Emotion or giggles
          that poem will bring.

          Thirty minutes - well, that's
          just too much time.
          Even for someone
          whose poems don't rhyme.

          The world is full
          of poetry fakes;
          regardless of time
          each poem takes.

          but time aside,
          something is to be said
          for poems that leave readers
          knowing just what they've read.

          1. profile image0
            selrachposted 6 years ago in reply to this

            s**t I knew I forgot something.lol

            1. profile image0
              ralwusposted 6 years ago in reply to this

              roflmao big_smile make that shyt! roflmao

          2. Steele Fields profile image78
            Steele Fieldsposted 6 years ago in reply to this

            Well done-- touche' smile

        2. writinginalaska profile image84
          writinginalaskaposted 6 years ago in reply to this

          Bravo Selrach  I like it!!   good job!  lvh

    23. writinginalaska profile image84
      writinginalaskaposted 6 years ago

      i can  sometimes write a short poem in minutes with another few minutes of editing and be happy with it.  Other pieces might take a half an hour or so.  If i am working on one of my books, well thats a whole different ball of wax. It has never taken me days or weeks to write a poem,  but that's just me.  For me they come to my mind in a rush,  my fingers can't hardly keep up with the emerging piece in my mind to get it all down.  It's amazing, or i'll have to dot down key words or phases if one comes to me and i am not in front of the pc so i don't lose the flavor of it.  Does that help?  lvh

    24. profile image0
      ralwusposted 6 years ago

      actually it is related to how much booze I have consumed whilst being poesy.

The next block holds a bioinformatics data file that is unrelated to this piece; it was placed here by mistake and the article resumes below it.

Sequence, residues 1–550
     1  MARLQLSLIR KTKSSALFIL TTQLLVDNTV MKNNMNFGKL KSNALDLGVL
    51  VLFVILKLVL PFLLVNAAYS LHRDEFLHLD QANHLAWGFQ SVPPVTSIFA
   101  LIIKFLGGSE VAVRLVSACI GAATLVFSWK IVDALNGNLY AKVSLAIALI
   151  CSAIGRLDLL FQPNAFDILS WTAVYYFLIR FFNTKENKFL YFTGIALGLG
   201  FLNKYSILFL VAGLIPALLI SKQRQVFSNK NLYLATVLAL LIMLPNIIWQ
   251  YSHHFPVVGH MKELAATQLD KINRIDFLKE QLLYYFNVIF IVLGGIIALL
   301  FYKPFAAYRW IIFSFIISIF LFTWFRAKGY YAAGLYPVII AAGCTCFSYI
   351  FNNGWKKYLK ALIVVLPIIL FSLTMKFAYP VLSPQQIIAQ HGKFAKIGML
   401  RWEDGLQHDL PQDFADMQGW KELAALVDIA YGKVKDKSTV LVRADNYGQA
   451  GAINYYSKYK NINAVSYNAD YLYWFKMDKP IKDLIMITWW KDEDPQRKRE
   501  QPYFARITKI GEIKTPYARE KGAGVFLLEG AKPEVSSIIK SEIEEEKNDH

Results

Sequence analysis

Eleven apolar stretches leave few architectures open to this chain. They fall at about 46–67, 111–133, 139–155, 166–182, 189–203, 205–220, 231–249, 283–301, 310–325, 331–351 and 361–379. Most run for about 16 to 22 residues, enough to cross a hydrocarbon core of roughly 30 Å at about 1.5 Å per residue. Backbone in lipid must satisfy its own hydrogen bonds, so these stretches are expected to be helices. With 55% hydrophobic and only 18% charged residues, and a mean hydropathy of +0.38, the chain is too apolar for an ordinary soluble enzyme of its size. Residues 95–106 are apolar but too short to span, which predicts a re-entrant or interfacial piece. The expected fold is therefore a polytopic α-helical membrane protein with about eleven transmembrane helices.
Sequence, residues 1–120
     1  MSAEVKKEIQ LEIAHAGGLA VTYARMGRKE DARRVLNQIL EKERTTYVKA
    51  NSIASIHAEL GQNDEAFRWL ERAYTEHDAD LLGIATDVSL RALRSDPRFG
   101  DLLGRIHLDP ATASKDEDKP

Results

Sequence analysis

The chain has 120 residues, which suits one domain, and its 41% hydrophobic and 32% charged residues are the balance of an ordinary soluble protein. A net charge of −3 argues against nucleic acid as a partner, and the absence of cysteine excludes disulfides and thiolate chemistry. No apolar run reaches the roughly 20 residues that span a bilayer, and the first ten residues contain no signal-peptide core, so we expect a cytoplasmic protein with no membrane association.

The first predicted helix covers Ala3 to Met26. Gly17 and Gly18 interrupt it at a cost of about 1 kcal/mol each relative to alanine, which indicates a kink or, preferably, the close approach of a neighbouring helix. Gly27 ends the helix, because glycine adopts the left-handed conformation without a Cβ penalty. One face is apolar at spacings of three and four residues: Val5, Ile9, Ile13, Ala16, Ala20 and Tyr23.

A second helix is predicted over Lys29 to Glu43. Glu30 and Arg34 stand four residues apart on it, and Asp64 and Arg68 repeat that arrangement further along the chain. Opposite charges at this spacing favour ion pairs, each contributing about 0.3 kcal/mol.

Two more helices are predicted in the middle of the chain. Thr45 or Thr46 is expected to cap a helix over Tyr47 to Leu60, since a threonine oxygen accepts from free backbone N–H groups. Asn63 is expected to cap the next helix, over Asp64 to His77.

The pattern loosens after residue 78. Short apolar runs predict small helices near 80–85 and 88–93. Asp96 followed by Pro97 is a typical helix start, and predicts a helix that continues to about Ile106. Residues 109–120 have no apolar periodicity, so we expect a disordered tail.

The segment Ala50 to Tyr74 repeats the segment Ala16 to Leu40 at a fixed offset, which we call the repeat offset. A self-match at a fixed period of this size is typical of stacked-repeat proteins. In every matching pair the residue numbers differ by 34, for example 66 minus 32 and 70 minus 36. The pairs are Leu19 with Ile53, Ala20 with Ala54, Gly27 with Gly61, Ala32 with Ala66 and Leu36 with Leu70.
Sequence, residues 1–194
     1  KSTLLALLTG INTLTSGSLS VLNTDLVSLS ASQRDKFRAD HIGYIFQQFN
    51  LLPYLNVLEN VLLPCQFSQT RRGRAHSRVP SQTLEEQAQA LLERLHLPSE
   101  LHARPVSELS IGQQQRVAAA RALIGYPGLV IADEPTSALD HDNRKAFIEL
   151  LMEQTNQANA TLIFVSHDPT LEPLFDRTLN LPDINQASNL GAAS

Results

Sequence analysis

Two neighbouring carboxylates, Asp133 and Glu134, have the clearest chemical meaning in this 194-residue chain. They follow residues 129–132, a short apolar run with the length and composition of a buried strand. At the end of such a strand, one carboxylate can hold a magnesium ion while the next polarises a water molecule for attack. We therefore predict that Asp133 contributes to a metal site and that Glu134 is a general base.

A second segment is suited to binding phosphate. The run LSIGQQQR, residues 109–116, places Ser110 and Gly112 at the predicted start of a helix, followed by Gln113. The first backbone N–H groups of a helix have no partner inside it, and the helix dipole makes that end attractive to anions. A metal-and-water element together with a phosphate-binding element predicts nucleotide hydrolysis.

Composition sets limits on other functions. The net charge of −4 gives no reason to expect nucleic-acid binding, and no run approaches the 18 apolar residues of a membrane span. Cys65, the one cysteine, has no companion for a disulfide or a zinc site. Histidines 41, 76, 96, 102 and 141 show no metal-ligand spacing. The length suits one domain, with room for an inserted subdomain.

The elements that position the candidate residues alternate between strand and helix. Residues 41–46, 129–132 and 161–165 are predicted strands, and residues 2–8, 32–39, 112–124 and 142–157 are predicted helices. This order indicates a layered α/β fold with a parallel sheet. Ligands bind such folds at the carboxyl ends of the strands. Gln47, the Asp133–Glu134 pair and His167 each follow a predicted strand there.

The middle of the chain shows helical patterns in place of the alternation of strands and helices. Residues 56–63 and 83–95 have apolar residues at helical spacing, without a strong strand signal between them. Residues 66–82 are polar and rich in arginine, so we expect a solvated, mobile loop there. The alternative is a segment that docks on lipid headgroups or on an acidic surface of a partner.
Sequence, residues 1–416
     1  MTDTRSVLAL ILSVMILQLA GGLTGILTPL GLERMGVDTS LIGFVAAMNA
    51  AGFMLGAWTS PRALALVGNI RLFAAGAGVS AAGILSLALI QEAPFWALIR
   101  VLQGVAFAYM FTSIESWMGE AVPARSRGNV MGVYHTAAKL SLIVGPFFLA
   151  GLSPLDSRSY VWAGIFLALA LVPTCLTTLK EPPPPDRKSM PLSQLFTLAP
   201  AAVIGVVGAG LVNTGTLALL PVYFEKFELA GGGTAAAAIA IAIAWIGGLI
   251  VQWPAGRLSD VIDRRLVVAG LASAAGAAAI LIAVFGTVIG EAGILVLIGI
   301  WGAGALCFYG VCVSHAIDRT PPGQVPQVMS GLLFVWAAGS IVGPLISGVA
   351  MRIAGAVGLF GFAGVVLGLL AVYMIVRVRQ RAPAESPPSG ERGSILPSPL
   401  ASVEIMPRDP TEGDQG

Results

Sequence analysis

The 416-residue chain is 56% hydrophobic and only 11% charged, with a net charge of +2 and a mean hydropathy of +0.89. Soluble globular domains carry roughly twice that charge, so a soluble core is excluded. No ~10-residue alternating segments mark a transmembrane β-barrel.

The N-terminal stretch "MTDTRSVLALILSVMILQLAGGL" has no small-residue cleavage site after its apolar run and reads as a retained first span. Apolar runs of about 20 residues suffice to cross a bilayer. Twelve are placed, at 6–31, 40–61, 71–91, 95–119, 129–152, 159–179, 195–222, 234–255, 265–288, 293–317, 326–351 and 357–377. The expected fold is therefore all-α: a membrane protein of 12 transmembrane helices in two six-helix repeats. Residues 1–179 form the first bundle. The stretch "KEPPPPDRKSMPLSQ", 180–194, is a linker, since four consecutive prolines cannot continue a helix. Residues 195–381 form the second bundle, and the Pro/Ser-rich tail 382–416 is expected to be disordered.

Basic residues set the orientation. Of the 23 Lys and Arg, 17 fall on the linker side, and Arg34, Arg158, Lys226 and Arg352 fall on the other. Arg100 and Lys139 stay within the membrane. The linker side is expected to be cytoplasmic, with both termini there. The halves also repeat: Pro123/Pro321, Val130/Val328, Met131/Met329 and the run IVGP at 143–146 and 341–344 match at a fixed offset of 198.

1. writinginalaska profile image84
        writinginalaskaposted 6 years ago in reply to this

        lol that's a given Ralwus wink

        1. profile image0
          ralwusposted 6 years ago in reply to this

          yes. wink

    25. Awful Poet profile image66
      Awful Poetposted 6 years ago

      A matter of minutes. No editing.
      The ink flowing through with the
      Blood stream keeping the beating
      To thy heart is flowing onto paper.
      And that is all it takes~

      1. alternate poet profile image77
        alternate poetposted 6 years ago in reply to this

        I missed this one - neat - and it gets it.

    26. profile image0
      zampanoposted 6 years ago

      I've been learning poetry with Speedy Gonzalez.
      One of my favourites is the poem dedicated to someone's birthday :

      Tabasco is red, paprika too.
      Happy birthday to you !

      Great huh ?

    27. alternate poet profile image77
      alternate poetposted 6 years ago

      pay a batterred dime
      for some short rhyme
      I post to you.
      Pay a well worn dollar
      for some sweet bouquet words
      that holler I love you.
      Pay a ring of gold
      for lines that twine your thoughts
      the days as you get old.
      Pay nothing for the careful symettry
      that soars an eagles winged
      suspense of poetry
      stooping.

      1. Steele Fields profile image78
        Steele Fieldsposted 6 years ago in reply to this

        How lovely.  I'm going to check you out...

    28. poetvix profile image84
      poetvixposted 6 years ago

      Usually, if they are going to be any good at all, for me, they come fast and I write them in under 10 min. unless, they are an epic and those can take a few 20 - 30 minute sessions as real life will seldom allow me more than that at a sitting.